Navy Condemns 'Unsafe and Unprofessional' Russian Pilots Over Repeated High-Speed Fighter Interceptions

The U.S. Navy has condemned "unsafe" practices by Russian pilots after an American surveillance plane was intercepted at high speed over the Mediterranean Sea this weekend—the second such incident in a week.

The Russian Su-35 fighter conducted two intercepts of a P-8A submarine reconnaissance plane on Sunday, according to U.S. Naval Forces Europe-Africa, flying within 25 feet of the American aircraft.

The Navy did not say exactly where the interceptions took place. Though the first was deemed safe, the Navy said the second interception was "unsafe and unprofessional." It accused the Russian pilot of carrying out the "high-speed, high-powered maneuver that decreased aircraft separation to within 25 feet."

The Russian maneuver exposed the U.S. plane to turbulence and jet exhaust, forcing the American pilots to "descend to create separation and ensure safety of both aircraft," the Navy statement said.

BREAKING: Another unsafe #Russian 🇷🇺 intercept of 🇺🇸 @USNavy P-8 in international airspace above #Mediterranean Sea! The Russian aircraft got within 25 feet of the P-8, putting both crews in harm’s way. We expect nothing less than professional & safe interactions!@USEmbRuPress

— U.S. Naval Forces Europe-Africa/U.S. 6th Fleet (@USNavyEurope) April 19, 2020

"The unnecessary actions of the Russian Su-35 pilot were inconsistent with good airmanship and international flight rules, seriously jeopardizing the safety of flight of both aircraft," the Navy added. The statement noted that both aircraft were in international airspace when the incident occurred.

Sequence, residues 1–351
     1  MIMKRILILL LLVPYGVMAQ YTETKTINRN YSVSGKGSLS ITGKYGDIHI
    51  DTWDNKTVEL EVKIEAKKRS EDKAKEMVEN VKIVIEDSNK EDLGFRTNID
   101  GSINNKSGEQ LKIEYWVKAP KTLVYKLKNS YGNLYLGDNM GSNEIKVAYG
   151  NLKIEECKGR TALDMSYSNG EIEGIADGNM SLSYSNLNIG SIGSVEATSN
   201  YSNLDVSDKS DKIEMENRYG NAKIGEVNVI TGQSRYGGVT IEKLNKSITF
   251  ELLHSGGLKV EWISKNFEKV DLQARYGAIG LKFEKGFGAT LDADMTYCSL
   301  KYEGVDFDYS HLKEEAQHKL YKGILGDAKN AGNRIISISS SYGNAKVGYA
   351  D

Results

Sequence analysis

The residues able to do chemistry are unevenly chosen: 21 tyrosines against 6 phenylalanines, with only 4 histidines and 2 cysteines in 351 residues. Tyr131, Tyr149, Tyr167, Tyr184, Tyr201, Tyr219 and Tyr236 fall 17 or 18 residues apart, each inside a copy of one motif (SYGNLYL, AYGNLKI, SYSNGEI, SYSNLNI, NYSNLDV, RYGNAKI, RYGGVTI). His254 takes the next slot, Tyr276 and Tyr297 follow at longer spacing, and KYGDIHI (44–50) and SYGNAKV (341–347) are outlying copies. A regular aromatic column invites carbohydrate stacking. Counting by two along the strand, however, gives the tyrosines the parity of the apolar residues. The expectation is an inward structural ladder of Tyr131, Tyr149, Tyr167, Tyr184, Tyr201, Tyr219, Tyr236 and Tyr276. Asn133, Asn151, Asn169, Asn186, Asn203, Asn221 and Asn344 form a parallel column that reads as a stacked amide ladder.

On Wednesday, another U.S. P-8A was intercepted by a Russian Su-35, which again came within 25 feet of the American aircraft. On Thursday, U.S. European Command's Gen. Tod Wolters said he did not think that the aggressive interception was evidence of a more belligerent Russian strategy.

"I've studied the intent, and my conclusion at this point is that it was probably something that was more along the lines of unprofessional as opposed to deliberate," Wolters said.

The Navy statement released Sunday after the second incident said that in both cases, "the U.S. aircraft were operating consistent with international law and did not provoke this Russian activity."

U.S.-Russian aerial interceptions are common in key strategic locations and around the borders of each country. Earlier this month, for example, American F-22 jets intercepted two Russian maritime patrol planes some 50 miles off the western coast of the Aleutian Islands near Alaska.

Military officials suggested that the flight was a test of U.S. response capabilities during the coronavirus pandemic, which has seen all 50 U.S. states put under a major disaster declaration.

Air Force General Terrence O'Shaughnessy told Fox News after the incident that the Russian aircraft did not enter either American or Canadian airspace, and that U.S. forces remain "always ready to defend our great country."

Russia, US, interception, fighter, jet
This file photo shows a Russian Su-35 jet over Le Bourget airport, near Paris, on June 23, 2013. ERIC FEFERBERG/AFP via Getty Images/Getty